Trampling plants damaging rock art risking your Life In the age of the selfie taking photos of yourself has become an everyday occurrence. Half of all teenagers regularly post selfies. Driven by social media algorithms, many of us now flock to natural places for the best selfie background.
But what happens when our pursuit of the perfect
Therfore selfie starts damaging nature – or even ourselves. Indian researchers catalogued 259 selfie-related deaths worldwide as of 2018.
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Crayfish and glow-worms, protected plants and even First Nations rok art. Selfies have even become a biosecurity threat.
Spare a thought for our land managers, tasked with caring for the natural places sometimes despoiled for a photo and emergency workers entrusted with rescuing selfie-seekers. As our new research has found, Australia’s land managers are often at their wit’s end trying to keep people safe in nature.
The problem? Fences and warning signs don’t work well. Hardcore selfie-seekers jump the fence and perch on the edge of the cliff to get the shot. We may well need selfie educational campaigns.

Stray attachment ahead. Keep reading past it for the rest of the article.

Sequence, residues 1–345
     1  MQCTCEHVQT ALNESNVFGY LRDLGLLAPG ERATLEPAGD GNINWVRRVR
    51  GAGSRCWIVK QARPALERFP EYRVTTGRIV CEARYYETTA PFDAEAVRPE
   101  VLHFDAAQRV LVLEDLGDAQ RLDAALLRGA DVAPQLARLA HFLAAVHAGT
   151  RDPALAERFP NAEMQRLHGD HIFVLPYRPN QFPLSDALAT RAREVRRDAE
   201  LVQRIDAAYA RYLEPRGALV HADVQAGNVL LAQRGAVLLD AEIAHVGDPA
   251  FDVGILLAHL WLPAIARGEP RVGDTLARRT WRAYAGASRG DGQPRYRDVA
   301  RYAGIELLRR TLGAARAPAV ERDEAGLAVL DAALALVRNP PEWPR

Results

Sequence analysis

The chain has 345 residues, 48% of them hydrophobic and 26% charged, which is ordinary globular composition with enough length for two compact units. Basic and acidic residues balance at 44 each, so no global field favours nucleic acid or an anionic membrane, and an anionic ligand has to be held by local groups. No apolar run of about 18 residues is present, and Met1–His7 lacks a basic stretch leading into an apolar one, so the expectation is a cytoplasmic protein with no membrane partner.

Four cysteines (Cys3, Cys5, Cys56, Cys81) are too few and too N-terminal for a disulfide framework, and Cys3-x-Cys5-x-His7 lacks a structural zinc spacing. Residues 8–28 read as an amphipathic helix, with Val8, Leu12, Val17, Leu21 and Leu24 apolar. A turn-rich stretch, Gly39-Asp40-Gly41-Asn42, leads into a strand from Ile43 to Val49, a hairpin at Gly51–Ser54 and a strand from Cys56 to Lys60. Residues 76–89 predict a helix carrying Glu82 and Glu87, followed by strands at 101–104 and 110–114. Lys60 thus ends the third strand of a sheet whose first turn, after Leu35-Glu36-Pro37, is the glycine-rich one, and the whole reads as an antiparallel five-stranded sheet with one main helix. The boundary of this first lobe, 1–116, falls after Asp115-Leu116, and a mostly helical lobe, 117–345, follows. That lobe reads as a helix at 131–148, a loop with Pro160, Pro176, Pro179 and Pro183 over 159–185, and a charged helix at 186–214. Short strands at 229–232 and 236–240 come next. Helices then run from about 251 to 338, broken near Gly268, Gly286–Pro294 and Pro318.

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Selfies make a new brand of tourist
As one land manager told us:
We noticed a massive increase in the number of people, and the kind of visitor that we were getting.
The problem was, many were Therfore cphonenumber willing to ignore warning signs or bans on drones to get their photos.
You know, it’s all just to get that photo, really. That’s it. They’re not coming for a bushwalk and to look around at the trees and to experience nature.
Selfie on the rim of the Grand Canyon. Shutterstock
They break the Civil Aviation Safety Authority (CASA) rules [on drones], every flipping day, they annoy the people, the guests, the wildlife. I’ve got eight crashed drones in the park currently [risking] environmental harm to the park if they catch fire or the batteries leak in the World Heritage area, in the creeks where the rare crayfish are.
For other land managers, the challenge is the damage to the environment.
Someone goes swimming, puts Therfore it on social media and suddenly there’s 100 people a day coming to go wild swimming where the platypus and the glow-worms live.
Mainstream tourism bodies can make the problem worse by promoting social media hotspot locations.
I was horrified the other day noticing promotions for these Figure Eight pools. I just thought, “You’ve gotta be kidding me. How many times have we told the tourism industry to stop it?”
As one land manager told us:
They want to get a photo without a fence in it. Look at me with my toes over the edge of the crumbly sandstone cliff.
Other land managers are working Therfore to assist this new demand by reshaping nature to make better scenery – and keep visitors safer.